What is Hail
Hail is a form of solid precipitation. It consists of balls or irregular lumps of ice, each of which is referred to as a hail stone. Unlike graupel, which is made of rime, and ice pellets, which are smaller and translucent, hail stones, on Earth, consist mostly of water ice and measure between 5 and 200 millimetres (0.20 and 7.9 in) in diameter. The METAR reporting code for hail 5 mm (0.20 in) or greater is GR, while smaller hailstones and graupel are coded GS. Hail is possible within most thunderstorms as it is produced by cumulonimbi (thunderclouds), and within 2 nautical miles (3.7 km) of the parent storm. Hail formation requires environments of strong, upward motion of air with the parent thunderstorm (similar to tornadoes) and lowered heights of the freezing level. In the mid-latitudes, hail forms near the interiors of continents, while in the tropics, it tends to be confined to high elevations.
There are methods available to detect hail-producing thunderstorms using weather satellites and weather radar imagery. Hail stones generally fall at higher speeds as they grow in size, though complicating factors such as melting, friction with air, wind, and interaction with rain and other hail stones can slow their descent through Earth's atmosphere. Severe weather warnings are issued for hail when the stones reach a damaging size, as it can cause serious damage to human-made structures and, most commonly, farmers' crops.
Any thunderstorm which produces hail that reaches the ground is known as a hailstorm. Hail has a diameter of 5 millimetres (0.20 in) or more. Hail stones can grow to 15 centimetres (6 in) and weigh more than 0.5 kilograms (1.1 lb). Unlike ice pellets, hail stones are layered and can be irregular and clumped together. Hail is composed of transparent ice or alternating layers of transparent and translucent ice at least 1 millimetre (0.039 in) thick, which are deposited upon the hail stone as it cycles through the cloud, suspended aloft by air with strong upward motion until its weight overcomes the updraft and falls to the ground. Although the diameter of hail is varied, in the United States, the average observation of damaging hail is between 2.5 cm (1 in) and golf ball-sized (1.75 in).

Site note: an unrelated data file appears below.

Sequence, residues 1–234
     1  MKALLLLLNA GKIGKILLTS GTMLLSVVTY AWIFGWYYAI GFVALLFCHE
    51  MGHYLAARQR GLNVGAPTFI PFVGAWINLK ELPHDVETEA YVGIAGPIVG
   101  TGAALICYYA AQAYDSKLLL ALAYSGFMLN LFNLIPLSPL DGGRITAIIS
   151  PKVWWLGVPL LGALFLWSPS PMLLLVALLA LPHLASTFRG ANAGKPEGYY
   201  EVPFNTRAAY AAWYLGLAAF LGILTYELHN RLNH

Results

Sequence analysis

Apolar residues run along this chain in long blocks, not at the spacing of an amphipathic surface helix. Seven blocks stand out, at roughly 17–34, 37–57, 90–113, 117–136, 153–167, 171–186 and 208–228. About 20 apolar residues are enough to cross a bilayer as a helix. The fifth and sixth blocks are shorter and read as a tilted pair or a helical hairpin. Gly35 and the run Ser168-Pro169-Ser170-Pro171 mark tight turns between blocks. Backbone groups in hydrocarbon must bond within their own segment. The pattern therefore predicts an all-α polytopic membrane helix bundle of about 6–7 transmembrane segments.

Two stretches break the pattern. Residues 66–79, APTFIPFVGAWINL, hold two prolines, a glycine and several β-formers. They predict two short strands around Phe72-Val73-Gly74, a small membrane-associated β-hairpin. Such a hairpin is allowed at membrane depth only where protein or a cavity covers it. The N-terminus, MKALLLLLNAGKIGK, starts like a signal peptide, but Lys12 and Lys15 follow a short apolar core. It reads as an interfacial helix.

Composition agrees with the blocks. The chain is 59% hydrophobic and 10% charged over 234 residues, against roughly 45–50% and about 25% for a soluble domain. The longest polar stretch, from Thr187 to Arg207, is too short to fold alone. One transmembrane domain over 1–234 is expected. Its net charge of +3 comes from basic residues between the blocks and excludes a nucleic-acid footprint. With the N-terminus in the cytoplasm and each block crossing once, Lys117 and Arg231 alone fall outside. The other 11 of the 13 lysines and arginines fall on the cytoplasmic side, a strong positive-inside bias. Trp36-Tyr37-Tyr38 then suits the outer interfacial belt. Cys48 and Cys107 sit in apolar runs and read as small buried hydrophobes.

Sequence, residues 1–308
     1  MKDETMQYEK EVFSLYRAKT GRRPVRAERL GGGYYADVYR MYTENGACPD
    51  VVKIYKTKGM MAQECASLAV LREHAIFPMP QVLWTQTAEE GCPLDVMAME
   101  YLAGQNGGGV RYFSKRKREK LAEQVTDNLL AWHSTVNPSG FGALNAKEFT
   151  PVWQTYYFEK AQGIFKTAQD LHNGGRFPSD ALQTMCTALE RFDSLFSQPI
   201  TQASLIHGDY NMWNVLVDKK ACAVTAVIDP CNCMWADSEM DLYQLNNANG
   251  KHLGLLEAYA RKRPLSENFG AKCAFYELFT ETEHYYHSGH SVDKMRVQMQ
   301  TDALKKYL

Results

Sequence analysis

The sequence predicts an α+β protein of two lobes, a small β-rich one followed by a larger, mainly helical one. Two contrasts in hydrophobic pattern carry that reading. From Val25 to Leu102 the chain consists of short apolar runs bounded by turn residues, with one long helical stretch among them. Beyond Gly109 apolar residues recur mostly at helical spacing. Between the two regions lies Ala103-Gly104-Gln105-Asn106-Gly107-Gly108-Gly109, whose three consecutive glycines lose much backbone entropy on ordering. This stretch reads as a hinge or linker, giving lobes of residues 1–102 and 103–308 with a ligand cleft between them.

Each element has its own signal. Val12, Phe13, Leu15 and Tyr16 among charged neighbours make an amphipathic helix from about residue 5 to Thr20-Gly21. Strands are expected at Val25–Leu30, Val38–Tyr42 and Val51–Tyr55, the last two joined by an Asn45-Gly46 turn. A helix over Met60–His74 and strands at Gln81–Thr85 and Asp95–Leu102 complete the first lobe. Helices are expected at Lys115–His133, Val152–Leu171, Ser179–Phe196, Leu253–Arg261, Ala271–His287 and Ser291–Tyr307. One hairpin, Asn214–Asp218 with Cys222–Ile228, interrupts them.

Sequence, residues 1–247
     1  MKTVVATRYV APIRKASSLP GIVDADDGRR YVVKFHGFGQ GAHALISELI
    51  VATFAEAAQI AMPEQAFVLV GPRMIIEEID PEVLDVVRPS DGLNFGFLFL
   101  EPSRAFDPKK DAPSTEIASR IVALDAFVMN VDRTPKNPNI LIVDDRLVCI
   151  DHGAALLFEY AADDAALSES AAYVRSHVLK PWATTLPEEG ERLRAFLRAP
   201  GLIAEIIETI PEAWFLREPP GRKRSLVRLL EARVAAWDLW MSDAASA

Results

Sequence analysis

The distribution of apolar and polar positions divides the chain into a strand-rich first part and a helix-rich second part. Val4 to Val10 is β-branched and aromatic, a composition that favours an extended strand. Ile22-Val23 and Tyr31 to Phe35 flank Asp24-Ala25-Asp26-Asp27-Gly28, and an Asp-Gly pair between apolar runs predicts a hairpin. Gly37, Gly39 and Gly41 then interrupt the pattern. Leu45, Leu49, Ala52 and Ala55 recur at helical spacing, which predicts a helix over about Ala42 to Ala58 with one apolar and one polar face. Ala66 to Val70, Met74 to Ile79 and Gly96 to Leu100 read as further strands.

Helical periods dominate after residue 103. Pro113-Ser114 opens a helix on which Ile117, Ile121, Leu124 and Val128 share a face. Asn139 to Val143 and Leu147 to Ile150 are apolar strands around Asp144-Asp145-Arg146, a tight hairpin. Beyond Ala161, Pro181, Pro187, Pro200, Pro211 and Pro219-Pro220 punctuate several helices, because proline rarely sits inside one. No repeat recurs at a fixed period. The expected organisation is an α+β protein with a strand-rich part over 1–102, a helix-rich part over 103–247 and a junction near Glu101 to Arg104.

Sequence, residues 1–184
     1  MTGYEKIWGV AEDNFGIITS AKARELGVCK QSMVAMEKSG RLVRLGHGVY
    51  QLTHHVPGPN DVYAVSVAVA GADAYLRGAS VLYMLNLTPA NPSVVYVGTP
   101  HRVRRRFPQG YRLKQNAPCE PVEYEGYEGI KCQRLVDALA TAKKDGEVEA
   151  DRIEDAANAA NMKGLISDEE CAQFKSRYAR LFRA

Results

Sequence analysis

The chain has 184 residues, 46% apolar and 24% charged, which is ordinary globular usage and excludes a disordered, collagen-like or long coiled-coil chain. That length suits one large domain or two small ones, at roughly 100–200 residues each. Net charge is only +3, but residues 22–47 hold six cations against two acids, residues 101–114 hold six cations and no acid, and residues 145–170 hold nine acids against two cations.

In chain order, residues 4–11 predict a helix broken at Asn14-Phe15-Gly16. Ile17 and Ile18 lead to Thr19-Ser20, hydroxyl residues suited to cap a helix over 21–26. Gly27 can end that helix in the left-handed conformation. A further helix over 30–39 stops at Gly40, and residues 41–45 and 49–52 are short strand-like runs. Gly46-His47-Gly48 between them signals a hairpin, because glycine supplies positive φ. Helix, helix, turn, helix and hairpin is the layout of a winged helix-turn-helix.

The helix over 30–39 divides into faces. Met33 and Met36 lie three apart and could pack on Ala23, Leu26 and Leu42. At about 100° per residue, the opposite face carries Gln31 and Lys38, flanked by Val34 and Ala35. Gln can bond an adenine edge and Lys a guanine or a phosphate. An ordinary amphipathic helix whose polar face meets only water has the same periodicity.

Stones larger than 2 cm (0.75 in) are usually considered large enough to cause damage. The Meteorological Service of Canada will issue severe thunderstorm warnings when hail that size or above is expected. The US National Weather Service has a 2.5 cm (1 in) or greater in diameter threshold, effective January 2010, an increase over the previous threshold of .75 inch hail. Other countries will have different thresholds according local sensitivity to hail; for instance grape growing areas could be adversely impacted by smaller hailstones. Hailstones can be very large or very small, depending on how strong the updraft is: weaker hailstorms produce smaller hailstones than stronger hailstorms (such as supercells).
Hail forms in strong thunderstorm clouds, particularly those with intense updrafts, high liquid water content, great vertical extent, large water droplets, and where a good portion of the cloud layer is below freezing. These types of strong updrafts can also indicate the presence of a tornado. The growth rate is maximized where air is near a temperature of mius 13 degrees C.
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